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Causes of cannibalism in poultry

By Grace Chomba
 

Cannibalism is a trait that is found mostly in a large flock where the birds will peck, tear and consume skin issues of the other birds in the flock.

The outbreak happens when the birds are stressed due to poor management. A bird will start pecking feathers, comb, toes or vent of another bird. This occurs in all poultry. Once a bird starts bleeding cannibalism outbreak can spread to the entire flock.

The outbreak can lead to the death of the flock and low returns due to torn and damaged flesh.

Causes of Cannibalism 

Overcrowding

Birds require adequate space as overcrowding can precipitate cannibalism. Overcrowded birds are likely to peck each other while fighting for space, food and water.  This happens mostly when they have inadequate feeder space. A farmer is advised to ensure a two square feet spacing per bird when rearing a large flock. 

Excessive heat

Increased temperatures make the bird uncomfortable and that may lead to cannibalism. Farmers should be very careful while adjusting the temperature in the birds’ cage as the birds get older.

During brooding, farmers are advised to decrease the coop temperatures as this reduces the risk of cannibalism.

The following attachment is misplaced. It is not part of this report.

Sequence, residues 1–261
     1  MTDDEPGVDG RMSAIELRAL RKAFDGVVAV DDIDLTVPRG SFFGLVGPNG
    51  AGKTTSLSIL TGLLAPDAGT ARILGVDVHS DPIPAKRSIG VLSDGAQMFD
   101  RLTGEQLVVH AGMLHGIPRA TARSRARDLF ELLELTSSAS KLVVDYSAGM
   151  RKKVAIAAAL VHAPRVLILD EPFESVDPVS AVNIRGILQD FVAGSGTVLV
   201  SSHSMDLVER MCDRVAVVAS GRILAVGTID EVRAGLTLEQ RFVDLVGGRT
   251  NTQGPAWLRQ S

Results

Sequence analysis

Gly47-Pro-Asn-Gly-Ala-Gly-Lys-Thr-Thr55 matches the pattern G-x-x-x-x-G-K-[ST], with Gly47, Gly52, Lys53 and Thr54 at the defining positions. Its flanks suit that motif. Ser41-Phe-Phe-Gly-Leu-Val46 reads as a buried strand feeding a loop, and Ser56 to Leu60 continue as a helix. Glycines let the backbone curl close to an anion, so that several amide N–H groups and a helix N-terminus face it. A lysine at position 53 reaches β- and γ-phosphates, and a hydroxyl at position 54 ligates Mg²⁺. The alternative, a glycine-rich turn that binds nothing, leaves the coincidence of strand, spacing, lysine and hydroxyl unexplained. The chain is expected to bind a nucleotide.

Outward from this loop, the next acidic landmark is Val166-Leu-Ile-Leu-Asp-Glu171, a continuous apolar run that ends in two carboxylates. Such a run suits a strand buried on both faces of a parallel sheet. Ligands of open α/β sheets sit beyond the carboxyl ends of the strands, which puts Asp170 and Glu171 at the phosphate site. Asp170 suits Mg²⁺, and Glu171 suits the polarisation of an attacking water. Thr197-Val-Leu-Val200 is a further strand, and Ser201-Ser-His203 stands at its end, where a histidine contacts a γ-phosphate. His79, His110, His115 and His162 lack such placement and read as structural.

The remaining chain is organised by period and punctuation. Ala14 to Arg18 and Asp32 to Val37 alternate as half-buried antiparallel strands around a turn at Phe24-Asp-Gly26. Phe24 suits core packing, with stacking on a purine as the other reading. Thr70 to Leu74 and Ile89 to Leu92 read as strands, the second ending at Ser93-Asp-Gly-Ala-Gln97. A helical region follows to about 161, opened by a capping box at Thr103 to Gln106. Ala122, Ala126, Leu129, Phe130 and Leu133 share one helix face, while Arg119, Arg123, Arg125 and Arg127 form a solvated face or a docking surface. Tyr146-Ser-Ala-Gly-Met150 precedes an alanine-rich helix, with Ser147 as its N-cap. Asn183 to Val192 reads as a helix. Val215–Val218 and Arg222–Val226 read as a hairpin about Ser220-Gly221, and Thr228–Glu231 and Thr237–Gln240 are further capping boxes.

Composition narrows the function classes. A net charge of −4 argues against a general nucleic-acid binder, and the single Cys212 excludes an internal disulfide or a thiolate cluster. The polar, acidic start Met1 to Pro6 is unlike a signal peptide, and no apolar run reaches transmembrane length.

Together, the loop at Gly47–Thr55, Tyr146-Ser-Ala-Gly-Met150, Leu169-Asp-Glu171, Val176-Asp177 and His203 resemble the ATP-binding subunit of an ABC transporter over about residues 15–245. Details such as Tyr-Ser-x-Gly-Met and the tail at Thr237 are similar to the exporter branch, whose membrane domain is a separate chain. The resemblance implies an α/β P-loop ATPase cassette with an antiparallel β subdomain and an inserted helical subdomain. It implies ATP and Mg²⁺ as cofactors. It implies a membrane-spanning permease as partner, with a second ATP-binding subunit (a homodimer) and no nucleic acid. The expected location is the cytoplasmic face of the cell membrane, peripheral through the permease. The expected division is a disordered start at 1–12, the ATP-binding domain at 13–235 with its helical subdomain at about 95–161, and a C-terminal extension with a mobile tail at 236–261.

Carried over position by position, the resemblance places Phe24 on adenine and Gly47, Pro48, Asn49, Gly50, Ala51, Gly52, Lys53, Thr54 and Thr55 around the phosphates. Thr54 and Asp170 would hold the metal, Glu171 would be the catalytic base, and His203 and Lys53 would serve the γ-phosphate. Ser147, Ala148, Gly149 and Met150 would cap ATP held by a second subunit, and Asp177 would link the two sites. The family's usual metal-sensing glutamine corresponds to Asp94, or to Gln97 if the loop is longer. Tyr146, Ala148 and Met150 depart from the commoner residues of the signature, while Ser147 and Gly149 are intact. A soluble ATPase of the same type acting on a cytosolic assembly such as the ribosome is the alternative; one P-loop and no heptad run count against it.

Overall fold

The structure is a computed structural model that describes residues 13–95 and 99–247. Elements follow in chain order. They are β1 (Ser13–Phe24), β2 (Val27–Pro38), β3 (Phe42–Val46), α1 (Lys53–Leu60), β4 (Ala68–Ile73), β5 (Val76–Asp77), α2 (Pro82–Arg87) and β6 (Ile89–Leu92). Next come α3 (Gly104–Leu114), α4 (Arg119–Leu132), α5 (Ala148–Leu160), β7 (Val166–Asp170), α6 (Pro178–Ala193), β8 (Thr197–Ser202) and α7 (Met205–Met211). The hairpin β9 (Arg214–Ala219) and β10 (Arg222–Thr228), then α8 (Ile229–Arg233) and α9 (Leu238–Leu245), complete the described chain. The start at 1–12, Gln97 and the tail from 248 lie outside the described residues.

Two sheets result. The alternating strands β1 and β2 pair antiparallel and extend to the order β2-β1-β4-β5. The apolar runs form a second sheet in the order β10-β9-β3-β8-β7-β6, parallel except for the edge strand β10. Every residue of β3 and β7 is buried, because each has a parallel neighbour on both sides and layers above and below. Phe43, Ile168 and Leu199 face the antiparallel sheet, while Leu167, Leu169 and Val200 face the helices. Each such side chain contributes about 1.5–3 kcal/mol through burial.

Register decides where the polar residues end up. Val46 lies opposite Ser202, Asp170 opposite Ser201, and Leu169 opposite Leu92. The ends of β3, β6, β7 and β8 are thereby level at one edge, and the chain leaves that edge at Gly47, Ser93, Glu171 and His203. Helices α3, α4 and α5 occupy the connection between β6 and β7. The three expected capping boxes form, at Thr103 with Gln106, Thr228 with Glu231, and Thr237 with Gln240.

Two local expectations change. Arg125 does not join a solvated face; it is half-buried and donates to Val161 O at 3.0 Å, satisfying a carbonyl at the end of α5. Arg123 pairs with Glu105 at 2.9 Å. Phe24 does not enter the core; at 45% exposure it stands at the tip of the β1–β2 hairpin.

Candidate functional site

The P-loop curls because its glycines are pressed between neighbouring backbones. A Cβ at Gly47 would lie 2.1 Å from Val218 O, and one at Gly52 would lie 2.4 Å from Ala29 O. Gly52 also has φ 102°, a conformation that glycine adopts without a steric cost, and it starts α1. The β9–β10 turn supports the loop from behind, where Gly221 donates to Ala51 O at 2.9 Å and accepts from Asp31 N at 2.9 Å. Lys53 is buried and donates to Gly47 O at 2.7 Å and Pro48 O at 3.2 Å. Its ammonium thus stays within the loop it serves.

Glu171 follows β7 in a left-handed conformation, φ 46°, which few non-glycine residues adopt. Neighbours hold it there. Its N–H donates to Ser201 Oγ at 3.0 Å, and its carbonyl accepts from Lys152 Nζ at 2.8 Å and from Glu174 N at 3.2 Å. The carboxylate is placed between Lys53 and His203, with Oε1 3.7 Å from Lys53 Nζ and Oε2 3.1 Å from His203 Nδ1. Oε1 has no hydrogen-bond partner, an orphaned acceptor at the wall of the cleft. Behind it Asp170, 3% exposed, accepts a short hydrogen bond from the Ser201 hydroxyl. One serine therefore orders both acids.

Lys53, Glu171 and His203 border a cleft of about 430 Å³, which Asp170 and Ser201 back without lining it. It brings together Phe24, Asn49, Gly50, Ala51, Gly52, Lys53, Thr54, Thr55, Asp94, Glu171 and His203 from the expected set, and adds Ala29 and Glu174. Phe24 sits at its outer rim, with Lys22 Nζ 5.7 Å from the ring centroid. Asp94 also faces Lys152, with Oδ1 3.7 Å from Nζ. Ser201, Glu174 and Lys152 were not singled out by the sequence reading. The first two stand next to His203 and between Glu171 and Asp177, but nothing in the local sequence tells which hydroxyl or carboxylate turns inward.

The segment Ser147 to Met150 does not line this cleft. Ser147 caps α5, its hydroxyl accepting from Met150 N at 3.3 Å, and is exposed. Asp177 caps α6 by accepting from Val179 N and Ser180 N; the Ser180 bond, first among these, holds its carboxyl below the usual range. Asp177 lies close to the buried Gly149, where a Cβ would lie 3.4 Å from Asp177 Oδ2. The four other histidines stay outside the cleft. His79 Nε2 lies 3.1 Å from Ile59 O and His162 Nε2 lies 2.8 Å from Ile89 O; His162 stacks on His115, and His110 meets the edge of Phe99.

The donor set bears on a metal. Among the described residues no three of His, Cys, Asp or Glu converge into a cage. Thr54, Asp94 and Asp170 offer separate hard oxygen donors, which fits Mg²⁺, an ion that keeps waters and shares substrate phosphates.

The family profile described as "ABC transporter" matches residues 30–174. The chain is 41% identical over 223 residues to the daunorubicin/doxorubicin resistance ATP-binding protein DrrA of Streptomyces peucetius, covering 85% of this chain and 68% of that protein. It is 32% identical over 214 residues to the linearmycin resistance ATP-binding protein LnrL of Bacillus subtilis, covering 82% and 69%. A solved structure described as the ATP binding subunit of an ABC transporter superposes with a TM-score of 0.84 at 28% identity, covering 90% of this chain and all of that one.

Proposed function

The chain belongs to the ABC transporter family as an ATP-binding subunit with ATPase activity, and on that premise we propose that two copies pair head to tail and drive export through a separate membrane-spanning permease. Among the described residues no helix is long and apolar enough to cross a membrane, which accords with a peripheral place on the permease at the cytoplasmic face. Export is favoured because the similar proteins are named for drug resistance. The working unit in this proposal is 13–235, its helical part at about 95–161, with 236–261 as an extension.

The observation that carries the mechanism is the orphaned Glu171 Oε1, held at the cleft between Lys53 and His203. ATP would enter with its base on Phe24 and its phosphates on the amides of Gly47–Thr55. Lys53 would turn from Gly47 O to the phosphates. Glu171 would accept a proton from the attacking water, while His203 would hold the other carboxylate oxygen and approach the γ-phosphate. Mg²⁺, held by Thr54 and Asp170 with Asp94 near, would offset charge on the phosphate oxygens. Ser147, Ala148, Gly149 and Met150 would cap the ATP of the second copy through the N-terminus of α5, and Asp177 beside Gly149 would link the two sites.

Excessive light

Extremely bright lights and excessive periods of lighting will cause birds to become hostile towards each other. During brooding, use 40 watts bulbs and below and in case you need them for heating use infrared bulbs.

Use 25 watts bulbs around feeding and watering areas if raising three months old birds.

Food wars

Birds fighting for feed and water are likely to peck each other, ensure they are provided with adequate feeds and water.

Unbalanced diets such as extremely high energy and low fibre diets make them proactive and aggressive which leads to cannibalism. Lack of proteins and methionine nutrients in the feed causes them to peck feathers. It’s advisable to feed them a balanced diet.

Mixing different types, sizes and colours 

In case a new breed is introduced in the coop the other birds often start pecking them due to curiosity. Mixing different sizes and ages of birds in the same cage can promote pecking.

According to extension.psu.edu, cannibalism can be controlled by allowing the birds to use up their energy, by providing an enclosed outside run, increasing fibre in their diets by giving them fresh greens like clover grass or weeds and placing coloured or shiny items for them to peck.

The site also adds that beak trimming is advisable to make it difficult for the birds to harm each other.

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